Australians in their 60’s can typically expect to live another 20 years or so. By extending their working lives, they shorten their period of retirement that they need to finance while giving themselves more time to save. Moreover, by continuing to work they are eligible for things form the government like the mature age worker tax offset (people over 55), and an array of superannuation options begin to become available.

Another option many could look at is implementing a transition to retirement pension strategy. Today’s superannuation rules enable workers approaching retirement to ‘transition’ towards retirement by reducing their work hours and to supplement their super. When combined with salary sacrifice contributions, a transitional approach can also help to boost your retirement savings or increase your disposable income.

With a larger amount of income likely to be untaxed a worker who delays retirement will not need as much total income to have the same after-tax income as one who retires early. When you sit down and do the numbers, you can easily get a realistic idea of your likely retirement income. If you need some straight talk about how much money you’ll have during your golden years, you can simply arrange your Free Financial Health Check with Foundation Financial Services. Click here to arrange your appointment.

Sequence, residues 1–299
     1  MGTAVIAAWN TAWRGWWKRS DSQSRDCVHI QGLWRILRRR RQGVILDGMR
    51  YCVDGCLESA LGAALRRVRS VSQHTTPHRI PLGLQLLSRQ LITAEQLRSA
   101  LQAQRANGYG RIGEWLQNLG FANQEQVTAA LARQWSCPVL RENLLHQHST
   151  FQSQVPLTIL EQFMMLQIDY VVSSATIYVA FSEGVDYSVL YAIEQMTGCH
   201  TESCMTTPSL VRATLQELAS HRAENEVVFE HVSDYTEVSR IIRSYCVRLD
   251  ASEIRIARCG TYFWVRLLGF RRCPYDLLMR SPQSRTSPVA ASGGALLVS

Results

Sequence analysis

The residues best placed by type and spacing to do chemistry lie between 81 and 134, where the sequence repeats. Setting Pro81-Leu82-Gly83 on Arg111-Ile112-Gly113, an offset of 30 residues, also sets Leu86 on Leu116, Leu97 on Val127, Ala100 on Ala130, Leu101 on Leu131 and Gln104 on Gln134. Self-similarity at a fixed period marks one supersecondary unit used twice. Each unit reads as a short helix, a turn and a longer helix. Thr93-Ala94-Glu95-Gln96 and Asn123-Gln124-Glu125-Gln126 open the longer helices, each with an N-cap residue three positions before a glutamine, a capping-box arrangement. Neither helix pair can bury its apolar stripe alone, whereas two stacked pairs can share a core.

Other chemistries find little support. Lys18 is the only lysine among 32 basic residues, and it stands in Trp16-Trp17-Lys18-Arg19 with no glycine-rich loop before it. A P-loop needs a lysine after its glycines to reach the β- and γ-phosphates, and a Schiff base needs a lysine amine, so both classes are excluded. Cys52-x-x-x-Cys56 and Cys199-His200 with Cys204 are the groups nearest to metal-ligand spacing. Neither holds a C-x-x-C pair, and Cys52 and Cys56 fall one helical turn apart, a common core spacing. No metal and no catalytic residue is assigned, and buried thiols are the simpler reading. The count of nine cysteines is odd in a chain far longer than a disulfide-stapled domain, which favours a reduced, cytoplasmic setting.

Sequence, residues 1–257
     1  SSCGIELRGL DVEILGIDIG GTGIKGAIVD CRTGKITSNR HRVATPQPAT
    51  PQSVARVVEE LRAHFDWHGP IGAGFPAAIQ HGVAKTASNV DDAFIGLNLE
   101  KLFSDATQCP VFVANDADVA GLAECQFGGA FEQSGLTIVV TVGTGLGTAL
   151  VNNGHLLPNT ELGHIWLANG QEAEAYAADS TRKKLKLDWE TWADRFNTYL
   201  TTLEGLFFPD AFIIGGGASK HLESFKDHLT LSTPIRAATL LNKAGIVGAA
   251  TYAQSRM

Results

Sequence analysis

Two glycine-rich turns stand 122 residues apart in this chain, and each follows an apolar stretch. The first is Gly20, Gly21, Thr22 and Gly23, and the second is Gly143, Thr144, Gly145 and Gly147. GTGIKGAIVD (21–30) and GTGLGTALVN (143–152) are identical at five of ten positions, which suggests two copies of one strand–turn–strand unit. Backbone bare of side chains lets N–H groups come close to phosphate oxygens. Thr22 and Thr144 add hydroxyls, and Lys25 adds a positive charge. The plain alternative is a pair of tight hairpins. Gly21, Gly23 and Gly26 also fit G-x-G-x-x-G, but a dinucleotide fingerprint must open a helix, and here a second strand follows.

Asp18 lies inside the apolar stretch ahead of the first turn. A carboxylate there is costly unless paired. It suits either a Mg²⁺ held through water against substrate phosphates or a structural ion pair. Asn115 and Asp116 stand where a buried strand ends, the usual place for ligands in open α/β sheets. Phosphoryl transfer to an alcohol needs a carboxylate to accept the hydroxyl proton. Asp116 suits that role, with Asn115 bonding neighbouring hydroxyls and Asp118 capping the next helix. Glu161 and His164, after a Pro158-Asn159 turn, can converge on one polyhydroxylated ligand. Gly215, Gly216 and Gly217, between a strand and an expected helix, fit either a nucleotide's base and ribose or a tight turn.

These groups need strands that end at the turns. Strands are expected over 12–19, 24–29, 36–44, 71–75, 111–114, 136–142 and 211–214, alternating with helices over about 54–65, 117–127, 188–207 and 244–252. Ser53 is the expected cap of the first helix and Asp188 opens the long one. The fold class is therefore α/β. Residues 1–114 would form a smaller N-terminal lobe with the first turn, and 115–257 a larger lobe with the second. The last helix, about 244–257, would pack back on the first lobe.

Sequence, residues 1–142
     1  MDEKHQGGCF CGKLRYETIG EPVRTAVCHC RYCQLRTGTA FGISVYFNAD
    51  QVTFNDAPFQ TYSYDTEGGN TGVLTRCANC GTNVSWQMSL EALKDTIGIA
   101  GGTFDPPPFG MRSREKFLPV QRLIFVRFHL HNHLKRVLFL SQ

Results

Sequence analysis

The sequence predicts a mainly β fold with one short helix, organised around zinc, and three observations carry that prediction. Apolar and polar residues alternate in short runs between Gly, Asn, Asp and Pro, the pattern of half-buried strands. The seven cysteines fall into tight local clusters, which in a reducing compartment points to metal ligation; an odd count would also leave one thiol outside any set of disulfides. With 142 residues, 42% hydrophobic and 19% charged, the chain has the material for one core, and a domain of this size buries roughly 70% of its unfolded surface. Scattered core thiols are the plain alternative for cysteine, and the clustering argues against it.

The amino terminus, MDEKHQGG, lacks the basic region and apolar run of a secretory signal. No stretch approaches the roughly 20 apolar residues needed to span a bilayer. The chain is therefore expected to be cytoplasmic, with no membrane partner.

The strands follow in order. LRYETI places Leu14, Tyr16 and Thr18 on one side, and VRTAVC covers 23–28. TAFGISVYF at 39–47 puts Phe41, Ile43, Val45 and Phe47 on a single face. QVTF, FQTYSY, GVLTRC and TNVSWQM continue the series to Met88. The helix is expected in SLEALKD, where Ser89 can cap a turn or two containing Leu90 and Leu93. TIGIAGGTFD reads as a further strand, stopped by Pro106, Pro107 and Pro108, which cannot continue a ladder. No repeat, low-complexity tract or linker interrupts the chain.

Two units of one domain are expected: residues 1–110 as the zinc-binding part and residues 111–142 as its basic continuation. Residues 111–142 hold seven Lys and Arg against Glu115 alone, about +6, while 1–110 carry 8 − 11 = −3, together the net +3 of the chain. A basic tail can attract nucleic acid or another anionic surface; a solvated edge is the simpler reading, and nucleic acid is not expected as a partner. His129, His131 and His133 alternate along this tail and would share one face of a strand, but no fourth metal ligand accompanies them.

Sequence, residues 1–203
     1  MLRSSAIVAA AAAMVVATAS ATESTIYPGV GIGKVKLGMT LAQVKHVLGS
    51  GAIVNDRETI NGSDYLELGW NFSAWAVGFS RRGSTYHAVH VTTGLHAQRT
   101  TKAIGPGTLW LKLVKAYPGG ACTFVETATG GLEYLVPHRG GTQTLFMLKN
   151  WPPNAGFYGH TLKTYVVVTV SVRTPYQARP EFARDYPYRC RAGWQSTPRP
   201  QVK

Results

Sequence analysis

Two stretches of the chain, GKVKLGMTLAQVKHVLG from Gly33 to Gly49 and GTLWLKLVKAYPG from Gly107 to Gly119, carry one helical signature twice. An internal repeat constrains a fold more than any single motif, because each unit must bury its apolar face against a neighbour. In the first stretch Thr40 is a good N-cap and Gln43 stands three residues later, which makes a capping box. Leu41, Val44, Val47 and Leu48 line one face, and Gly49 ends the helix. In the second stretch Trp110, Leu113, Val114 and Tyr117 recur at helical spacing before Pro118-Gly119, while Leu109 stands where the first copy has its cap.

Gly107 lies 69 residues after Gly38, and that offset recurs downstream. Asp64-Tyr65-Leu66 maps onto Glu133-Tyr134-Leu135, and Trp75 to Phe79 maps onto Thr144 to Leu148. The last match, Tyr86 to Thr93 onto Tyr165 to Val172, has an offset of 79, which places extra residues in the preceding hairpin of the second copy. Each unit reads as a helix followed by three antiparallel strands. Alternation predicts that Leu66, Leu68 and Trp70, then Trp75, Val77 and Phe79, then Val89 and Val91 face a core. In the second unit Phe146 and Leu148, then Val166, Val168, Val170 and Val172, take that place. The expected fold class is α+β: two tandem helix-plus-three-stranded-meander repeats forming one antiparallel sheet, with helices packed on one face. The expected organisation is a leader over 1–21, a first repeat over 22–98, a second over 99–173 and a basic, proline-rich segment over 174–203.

Work now or later? Ok then, if working a bit longer is the solution to funding a comfortable retirement what about taking up a new line of work after leaving one’s primary job? The problem here is that post-retirement jobs generally don’t pay very much. Fun jobs such as fly fishing instructor or tour director, pay very little, while skilled jobs in a different field, such as teaching or nursing, may require costly training and will likely start at the bottom of an already low pay scale. Boomers have the opportunity to escape that fate by working just a little longer at the front end of their retirement years.

Working longer will not be the solution for everyone. Some people are forced into retirement by their employers or for health reasons. Those who are set with generous pensions and substantial personal assets may have the luxury of not working at all.

But rest assure, baby boomers who are at the peak of their careers, especially those who have not saved as much as they’ll need to finance a comfortable retirement, may be glad to know that staying in the workforce just a little longer can make a world of difference in the amount of money they will need to save. Then they can explore some of those interesting encore careers that will give meaning to the rest of their lives.

Copyright © 2011 Robert Bauman

Take control of your money now. Visit www.RobertBauman.com.au and get more resources to create your financial independence.

 

Disclaimer: This information (including taxation) is general in nature and is for Australian residents only. It does not consider your individual circumstances or needs. Do not act until you seek professional advice and consider a Product Disclosure Statement. To find out more about services provided by Foundation Financial Services Pty Ltd please visit my website.